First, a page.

OTTAWA -- Team USA general manager Dean Lombardi has said his primary focus when building his roster for the World Cup of Hockey 2016 was to defeat Team Canada.
Not win the tournament, but rather win against Team Canada, because that's something Team USA would presumably need to do at some point if it wants to be World Cup champion.
Team USA will get its first opportunity to show if Lombardi was on the right track on Friday, when it faces Team Canada in their pretournament opener at Nationwide Arena in Columbus (7 pm ET; ESPNU, SN, TVA Sports).
Team Canada, the gold medal winner at the past two Winter Olympics, responded with what could best be described as a collective shrug.
"We'll take it as a compliment," defenseman Alex Pietrangelo said Wednesday before boarding a flight for Columbus. "I mean, obviously we're the defending champs so I think most teams are doing what they can to try to beat us."
As far as humble brags go, that's a pretty good one.
There are 14 players on the Team USA roster who also played at the 2014 Sochi Olympics, where they lost against Canada 1-0 in the semifinal before being defeated 5-0 by Finland in the bronze medal game. Team Canada has 13 returning players who followed up that victory against the USA by defeating Sweden 3-0 in the gold medal game.
Team Canada and Team USA will play again Saturday at Canadian Tire Centre in Ottawa (7 pm ET; ESPN3, SN, TVA Sports), beginning the pretournament with back-to-back games against a heated rival.
Lombardi added a number of players to the Team USA roster who are recognized for their ability to impose themselves physically, and Canada expects that to be a big part of USA coach John Tortorella's game plan against them.
Bring it on, they say.
"I think every team that plays against Canada wants to be physical, that's just their M.O.," Team Canada forward Joe Thornton said. "The United States can be physical, but I think Canada can play physical too. So I don't think we're too worried about that."
Team Canada coach Mike Babcock was asked about Lombardi's comments, and suggested that would not be a team-building approach he would necessarily endorse.
"What I've found about these tournaments is if you spend a lot of time focused on yourselves and trying to get better and worry about your group, then you have a chance as the tournament goes on to focus in on the nuances of the opposition," Babcock said. "But the problem with building your team to beat one team, what happens if you never play that team?"
Babcock was not exactly thrilled Team Canada has to play on back-to-back nights with travel to begin its pretournament schedule, but he is eager to see all the work put in over the first three days of training camp put into action against live competition.
The fact that competition is Team USA is an added bonus.
"It's the U.S. playing Canada, obviously there's a rivalry before it even starts, and so the tempo will be at a different level than you're used to," Babcock said. "These players normally play their way into playing, if that makes any sense. Usually there's eight exhibition games, or something like that, and you play four of them. So this is a little different process for us, but we're going to go out there and find out what we have on our team.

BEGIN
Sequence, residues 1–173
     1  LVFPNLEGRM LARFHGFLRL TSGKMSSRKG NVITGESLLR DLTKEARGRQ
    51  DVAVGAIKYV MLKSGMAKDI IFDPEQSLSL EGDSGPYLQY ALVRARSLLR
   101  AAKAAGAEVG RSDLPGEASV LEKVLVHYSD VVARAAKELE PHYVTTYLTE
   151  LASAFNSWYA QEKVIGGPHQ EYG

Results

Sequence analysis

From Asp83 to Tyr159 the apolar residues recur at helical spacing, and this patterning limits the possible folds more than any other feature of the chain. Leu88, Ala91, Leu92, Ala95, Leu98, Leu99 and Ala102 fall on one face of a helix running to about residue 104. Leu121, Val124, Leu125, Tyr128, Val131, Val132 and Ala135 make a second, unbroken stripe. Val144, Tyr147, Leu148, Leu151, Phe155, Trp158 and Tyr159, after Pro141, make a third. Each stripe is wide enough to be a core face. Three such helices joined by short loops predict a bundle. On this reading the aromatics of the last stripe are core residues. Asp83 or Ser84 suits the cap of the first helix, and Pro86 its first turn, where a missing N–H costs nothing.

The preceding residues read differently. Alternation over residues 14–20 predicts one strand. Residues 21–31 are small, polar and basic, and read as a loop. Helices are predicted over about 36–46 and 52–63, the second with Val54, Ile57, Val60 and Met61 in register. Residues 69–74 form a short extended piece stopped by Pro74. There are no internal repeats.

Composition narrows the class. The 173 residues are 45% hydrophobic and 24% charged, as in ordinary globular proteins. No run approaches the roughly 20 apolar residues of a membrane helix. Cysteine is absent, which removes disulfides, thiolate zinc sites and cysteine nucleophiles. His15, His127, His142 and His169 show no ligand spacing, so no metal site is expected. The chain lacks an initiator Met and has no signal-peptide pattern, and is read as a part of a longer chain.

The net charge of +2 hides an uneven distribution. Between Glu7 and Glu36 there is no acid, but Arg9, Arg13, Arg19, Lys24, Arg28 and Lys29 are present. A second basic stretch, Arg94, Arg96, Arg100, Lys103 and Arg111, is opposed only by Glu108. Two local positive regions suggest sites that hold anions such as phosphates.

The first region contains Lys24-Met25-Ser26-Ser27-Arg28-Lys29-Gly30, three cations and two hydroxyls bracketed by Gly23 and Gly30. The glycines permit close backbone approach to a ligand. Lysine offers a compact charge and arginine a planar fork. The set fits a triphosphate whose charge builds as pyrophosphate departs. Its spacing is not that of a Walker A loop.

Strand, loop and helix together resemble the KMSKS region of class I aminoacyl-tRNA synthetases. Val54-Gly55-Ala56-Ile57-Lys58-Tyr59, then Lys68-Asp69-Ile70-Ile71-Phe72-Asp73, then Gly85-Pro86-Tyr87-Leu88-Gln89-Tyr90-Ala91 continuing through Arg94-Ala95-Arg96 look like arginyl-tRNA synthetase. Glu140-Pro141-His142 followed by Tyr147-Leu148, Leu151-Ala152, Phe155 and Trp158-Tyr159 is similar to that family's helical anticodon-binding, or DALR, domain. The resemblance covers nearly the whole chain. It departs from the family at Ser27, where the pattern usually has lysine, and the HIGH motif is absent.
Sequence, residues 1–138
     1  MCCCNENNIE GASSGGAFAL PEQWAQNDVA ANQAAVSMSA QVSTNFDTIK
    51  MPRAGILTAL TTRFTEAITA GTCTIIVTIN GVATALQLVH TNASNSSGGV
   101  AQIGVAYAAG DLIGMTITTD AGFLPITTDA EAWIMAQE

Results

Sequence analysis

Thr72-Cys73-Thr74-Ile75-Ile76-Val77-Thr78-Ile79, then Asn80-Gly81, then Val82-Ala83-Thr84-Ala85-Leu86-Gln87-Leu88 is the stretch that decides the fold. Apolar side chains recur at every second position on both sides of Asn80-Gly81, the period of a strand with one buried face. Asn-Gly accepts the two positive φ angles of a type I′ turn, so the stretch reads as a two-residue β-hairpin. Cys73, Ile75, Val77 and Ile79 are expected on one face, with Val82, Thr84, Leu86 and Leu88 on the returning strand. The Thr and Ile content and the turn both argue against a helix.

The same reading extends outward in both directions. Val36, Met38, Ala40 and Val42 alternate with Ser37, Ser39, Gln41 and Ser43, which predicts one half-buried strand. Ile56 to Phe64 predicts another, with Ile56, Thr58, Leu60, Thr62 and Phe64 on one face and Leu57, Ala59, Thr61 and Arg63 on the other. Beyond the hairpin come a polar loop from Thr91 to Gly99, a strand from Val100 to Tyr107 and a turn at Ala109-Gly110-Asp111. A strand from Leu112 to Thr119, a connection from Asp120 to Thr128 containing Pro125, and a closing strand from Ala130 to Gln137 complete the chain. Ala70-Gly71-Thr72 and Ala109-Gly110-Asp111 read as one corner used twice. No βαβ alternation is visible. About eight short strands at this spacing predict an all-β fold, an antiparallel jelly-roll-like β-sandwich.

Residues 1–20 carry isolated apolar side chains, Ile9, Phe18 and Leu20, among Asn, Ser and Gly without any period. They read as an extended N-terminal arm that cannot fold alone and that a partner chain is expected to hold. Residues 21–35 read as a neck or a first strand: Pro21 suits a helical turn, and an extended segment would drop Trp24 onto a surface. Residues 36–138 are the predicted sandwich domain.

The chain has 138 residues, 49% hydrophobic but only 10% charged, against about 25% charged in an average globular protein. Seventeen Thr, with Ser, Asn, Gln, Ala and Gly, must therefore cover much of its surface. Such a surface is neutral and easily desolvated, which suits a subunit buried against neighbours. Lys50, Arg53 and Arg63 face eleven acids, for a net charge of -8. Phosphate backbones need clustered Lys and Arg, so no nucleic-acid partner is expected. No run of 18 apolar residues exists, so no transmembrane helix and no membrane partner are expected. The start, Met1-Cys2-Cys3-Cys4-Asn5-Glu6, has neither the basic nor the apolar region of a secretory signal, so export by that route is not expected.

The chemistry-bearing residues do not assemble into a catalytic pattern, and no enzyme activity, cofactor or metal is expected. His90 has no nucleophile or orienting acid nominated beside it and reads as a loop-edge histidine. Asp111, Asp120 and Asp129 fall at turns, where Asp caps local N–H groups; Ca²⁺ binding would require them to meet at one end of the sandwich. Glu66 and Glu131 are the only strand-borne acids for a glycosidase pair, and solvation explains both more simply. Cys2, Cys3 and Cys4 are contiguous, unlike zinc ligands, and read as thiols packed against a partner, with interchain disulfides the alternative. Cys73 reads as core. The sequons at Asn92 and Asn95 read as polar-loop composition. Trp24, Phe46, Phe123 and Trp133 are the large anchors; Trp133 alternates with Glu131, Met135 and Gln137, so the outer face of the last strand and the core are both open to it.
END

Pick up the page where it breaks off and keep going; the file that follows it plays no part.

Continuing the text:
"It's real important as a coaching staff that we figure out and get to know the players the best we possibly can and let them have the opportunity to show their stuff. So everyone's going to play, except we'll have three scratches … but the guys that play, they're playing. I'm rolling them out the door."
Babcock would not reveal who will be scratched from the lineup Friday; his only known plan is Montreal Canadiens goaltender Carey Price will start his first game since he was injured Nov. 25, putting an end to his 2015-16 NHL season.
"If you watched him in practice, I don't think he's missed a beat," Pietrangelo said. "I can't score on him in games, I can't score on him in practice. I think most guys are thinking the same thing. For a guy who hasn't played in nine months, it's pretty impressive to watch him out there."
An added element of the USA-Canada rivalry is NHL teammates facing each other, and with the one-sided nature of this matchup in recent years, there are valuable bragging rights on the line.
Price will face his Canadiens teammate Max Pacioretty, Jonathan Toews will face his Chicago Blackhawks teammate Patrick Kane, Thornton will face his San Jose Sharks teammate Joe Pavelski, and so on. On top of the need to prepare for the tournament, the pride factor among those players should lead to the intensity being ratcheted up fairly quickly.
"I don't have to personally remind him, but I think a lot of other people maybe do that for me," Toews said when asked if he speaks to Kane often about his Olympic gold medals. "That's definitely part of it. Even though it's an exhibition game coming up against the U.S., there's going to be some friendly rivalry, I guess, amongst some [NHL] teammates."
No, this is not a run of the mill game to get ready for the World Cup. Systems and line combinations will be tinkered with and both teams will want to fine tune the work they've put in since the start of training camp. But there is rarely anything casual about a Canada-USA game, and this one should be no different.
"I think you're setting the tone for the tournament right now," Pietrangelo said. "I think we're trying to find out where we're at, they're trying to find out where they're at. There's obviously going to be some kinks that need to be worked out on both sides, but I think once you get into the game it's going to be just as competitive as any other."